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Sept. 9, 2019, 11:27 a.m.
Reporting & Production

Local newspapers are suffering, but they’re still (by far) the most significant journalism producers in their communities

“While local newspapers accounted for roughly 25 percent of the local media outlets in our sample, they accounted for nearly 50 percent of the original news stories in our database.”

Local newspapers have always been the epicenter of local news ecosystems. While communities may have other sources of journalism, such as TV and radio stations and online-only outlets, the bulk of the reporting serving local communities has traditionally been provided by local newspapers.

Local newspapers have also been hit particularly hard by the economic challenges confronting local journalism, which raises questions about whether these papers still serve as the lynchpins of local reporting in their communities, and whether other types of outlets are stepping up to take their place.

With these questions in mind, we conducted a study that explores which types of outlets are the most significant producers of journalism in 100 randomly sampled communities across the U.S. This study is a continuation of previous research, in which we produced an inventory of all media outlets located within these 100 communities, and gathered a week’s worth of news stories found on these outlets’ home pages (over 16,000 stories in total). We then analyzed these stories to determine whether they met each of the following three criteria: 1) was the story original; 2) was the story local; and 3) did the story address a critical information need. More methodological detail can be found in our full report.

The results show, fairly convincingly, that despite the economic hardships that local newspapers have endured, they remain, by far, the most significant providers of journalism in their communities. And while there is great hope and expectation that newer, online journalism sources will emerge to compensate for the cutbacks and closures affecting local newspapers, our study has shown that this has yet to take place.

We found, for instance, that while local newspapers accounted for roughly 25 percent of the local media outlets in our sample, they accounted for nearly 50 percent of the original news stories in our database. Local newspapers also accounted for nearly 60 percent of the local news stories in our database (again, while accounting for only 25 percent of the outlet in our sample). Essentially, local newspapers produced more of the local reporting in the communities we studied than television, radio, and online-only outlets combined.

Local newspapers also produced just over 38 percent of the stories that addressed a critical information need. And, when we focused exclusively on stories that met all three of these criteria, local newspapers accounted for almost 60 percent of those stories. In sum, by all of the criteria we employed to assess local journalism output, local newspapers over-performed relative to their prominence amongst local media outlets.

When we compare these results with what we found when we focused on online-only news sources, the differences are striking. Online-only news outlets accounted for 10 percent of the local media outlets in the 100 communities that we studied. In terms of the story output we analyzed, these outlets accounted for just under 10 percent of the original stories, about 13 percent of the local stories, about 11 percent of the stories that addressed critical information needs, and 10 percent of the stories meeting all three of these criteria. Unlike local newspapers, online-only outlets tend to produce journalism roughly in proportion with their prominence amongst local media outlets. This, it would seem, represents an important point of distinction between local newspapers and the local online news sources that many of us hope/expect will replace them.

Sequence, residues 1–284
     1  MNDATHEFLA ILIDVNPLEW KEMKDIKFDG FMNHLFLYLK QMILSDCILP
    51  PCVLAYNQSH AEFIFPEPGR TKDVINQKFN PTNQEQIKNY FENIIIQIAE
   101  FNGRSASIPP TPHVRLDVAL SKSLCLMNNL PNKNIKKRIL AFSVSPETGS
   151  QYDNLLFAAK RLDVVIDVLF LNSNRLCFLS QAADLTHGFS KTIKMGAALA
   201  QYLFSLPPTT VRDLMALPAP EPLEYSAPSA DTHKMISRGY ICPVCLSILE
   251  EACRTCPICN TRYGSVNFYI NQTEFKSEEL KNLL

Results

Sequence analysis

It’s worth noting that when we compare the journalistic output of local newspapers with that of online-only news sources, without taking quantity into consideration, they compare quite favorably. For instance, 53 percent of the stories produced by local newspapers were original, compared with 48 percent for online-only outlets. Twenty-six percent of local newspaper stories were local, compared with 25 percent for online-only outlets. Sixty-three percent of local newspaper stories addressed a critical information need, compared with 82 percent for online-only outlets. The issue, then, is one of quantity. Online-only outlets continue to produce a fraction of the journalistic output of their print counterparts.

In sum, while legacy newspapers have declined, they certainly have yet to be displaced as vital producers of local journalism. And the long hoped for emergence of online-only outlets as comparable providers of local journalism still appears to be a long way off. As policymakers and philanthropic organizations concerned about local journalism consider their next steps, and where to invest their efforts and resources, it may be worth keeping these numbers in mind.

Philip M. Napoli is the James R. Shepley Professor of Public Policy in the Sanford School of Public Policy at Duke University, where he is also a faculty affiliate with the DeWitt Wallace Center for Media & Democracy. He leads the News Measures Research Project, which is supported by the Democracy Fund. Jessica Mahone is an associate in research at the DeWitt Wallace Center for Media & Democracy at Duke University, where she supports the News Measures Research Project and the Tech & Check Cooperative.

Photo by Joanne Bourne used under a Creative Commons license.

POSTED     Sept. 9, 2019, 11:27 a.m.
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